By Larry Hodges, USATT Hall of Famer and Certified National Coach

When I coach someone, the very first thing I look at are their grip and feet positioning. If either of these are done improperly, everything in between will likely be twisted like a rubber band into an awkward stroke that players and coaches will often try to fix by treating the symptoms rather than the root of the problem. Get them right, and everything in between tends to straighten out. New players should focus on this to develop their strokes properly; more experienced players should focus on this to correct fix improper strokes they may have developed.

For example, a shakehander might hold the racket with a forehand grip, so that the racket is rotated to the left (for a righty), with the index finger partly off the racket rather than flat across it near the base. This means the racket is aiming slightly downward on the forehand side when the arm is aiming forward. Or a player might use a backhand grip, so that the racket is rotated to the right, with the thumb almost flat on the racket rather than the thumbnail roughly perpendicular to the surface. Now the racket is aiming slightly upward on the forehand side when the arm is aiming forward. In both cases the player has to adjust his stroke to compensate for the fact that his racket and arm aren’t pointing in the same direction, leading to awkward positioning of the elbow and shoulder, and even the body and feet can be thrown into awkward contortions to compensate. At the advanced levels, some players do use slight forehand or backhand grips, but only after the shots are ingrained, and always for a specific purpose (i.e. to strengthen one side, even at the cost of the other side). Until the strokes are ingrained, players should use a more neutral grip, so that the thinnest part of the wrist lines up with the racket.

Common foot placement problems include feet too close together when they should be more than shoulder width apart (especially with taller players); feet parallel instead of the tips pointing a bit outwards; weight on the heels or evenly distributed when it should be on the front inside part of the foot; and (for righties) the right foot either parallel to the left, or too far behind it, when (for beginners) it should be in between these two extremes, and so only slightly back. Each of these problems leads to technique problems where the root of the problem often isn’t obvious, and so players and coaches try to fix the symptoms rather realize the problems stems from the feet positioning.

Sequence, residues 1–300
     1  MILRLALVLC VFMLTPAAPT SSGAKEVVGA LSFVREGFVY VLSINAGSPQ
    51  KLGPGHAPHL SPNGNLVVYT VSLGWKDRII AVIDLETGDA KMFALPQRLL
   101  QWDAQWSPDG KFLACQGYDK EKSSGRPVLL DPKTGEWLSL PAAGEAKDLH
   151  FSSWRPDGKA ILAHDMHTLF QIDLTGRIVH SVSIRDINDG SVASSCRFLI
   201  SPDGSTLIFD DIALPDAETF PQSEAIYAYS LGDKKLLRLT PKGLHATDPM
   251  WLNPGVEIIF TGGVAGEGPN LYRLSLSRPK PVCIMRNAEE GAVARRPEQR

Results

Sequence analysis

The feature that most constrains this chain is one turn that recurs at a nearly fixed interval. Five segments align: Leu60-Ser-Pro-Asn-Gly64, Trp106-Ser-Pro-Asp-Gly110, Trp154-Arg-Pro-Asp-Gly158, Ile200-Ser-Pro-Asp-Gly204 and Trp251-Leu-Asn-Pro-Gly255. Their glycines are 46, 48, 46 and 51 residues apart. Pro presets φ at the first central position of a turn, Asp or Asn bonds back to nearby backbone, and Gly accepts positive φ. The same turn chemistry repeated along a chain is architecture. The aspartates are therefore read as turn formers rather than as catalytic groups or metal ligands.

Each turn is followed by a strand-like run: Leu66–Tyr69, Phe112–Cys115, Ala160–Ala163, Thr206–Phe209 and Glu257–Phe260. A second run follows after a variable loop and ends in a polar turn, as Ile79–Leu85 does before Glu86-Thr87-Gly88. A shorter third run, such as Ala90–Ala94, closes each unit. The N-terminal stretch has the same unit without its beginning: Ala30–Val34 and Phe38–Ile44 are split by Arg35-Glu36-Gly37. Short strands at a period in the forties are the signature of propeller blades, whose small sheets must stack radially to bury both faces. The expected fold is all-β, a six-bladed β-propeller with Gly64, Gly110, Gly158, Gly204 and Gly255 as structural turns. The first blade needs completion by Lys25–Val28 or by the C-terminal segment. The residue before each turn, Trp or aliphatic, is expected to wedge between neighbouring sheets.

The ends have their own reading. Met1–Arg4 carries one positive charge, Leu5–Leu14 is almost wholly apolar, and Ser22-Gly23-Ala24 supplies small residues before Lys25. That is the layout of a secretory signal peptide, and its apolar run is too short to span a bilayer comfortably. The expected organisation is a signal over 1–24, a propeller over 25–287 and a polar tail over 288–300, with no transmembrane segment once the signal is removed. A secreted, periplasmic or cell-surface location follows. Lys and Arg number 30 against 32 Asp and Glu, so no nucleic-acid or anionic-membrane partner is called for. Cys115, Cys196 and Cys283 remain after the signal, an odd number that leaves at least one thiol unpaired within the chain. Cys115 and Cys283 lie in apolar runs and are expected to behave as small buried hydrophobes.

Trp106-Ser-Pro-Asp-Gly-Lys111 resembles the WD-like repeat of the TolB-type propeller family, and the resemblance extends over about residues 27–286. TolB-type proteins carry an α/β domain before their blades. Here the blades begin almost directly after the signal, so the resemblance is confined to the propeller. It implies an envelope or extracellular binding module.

For example, if a right-handed player has his right foot too far back, then he won’t be able to rotate at the hips, waist, and shoulders, since to do so would mean turning almost straight backwards, and he ends up with an awkward mostly-arm stroke. Seeing this, many players and coaches tell the player to rotate the hips, waist, and shoulders, thinking that’s the problem when that’s just a symptom of the problem, and so they make the problem even worse. Or if the right foot is parallel to the back foot, it becomes awkward to rotate properly because the amount of rotation needed to compensate for the foot positioning is too much. Again, a player or coach might tell the player to do more rotation rather than addressing the root of the problem. (At the more advanced levels, where players have learned to rotate into shots properly, a supple player often does play forehands with the feet parallel, but that’s only after the proper stroke has been ingrained.)

Imagine your body is a rubber band pulled tight. If you twist either side, the rest of it twists, leading to twisted strokes that’ll handicap you for the rest of your playing days. Untwist the ends, and everything in between smooths out. Do you want a smooth game or one that is twisted into knots?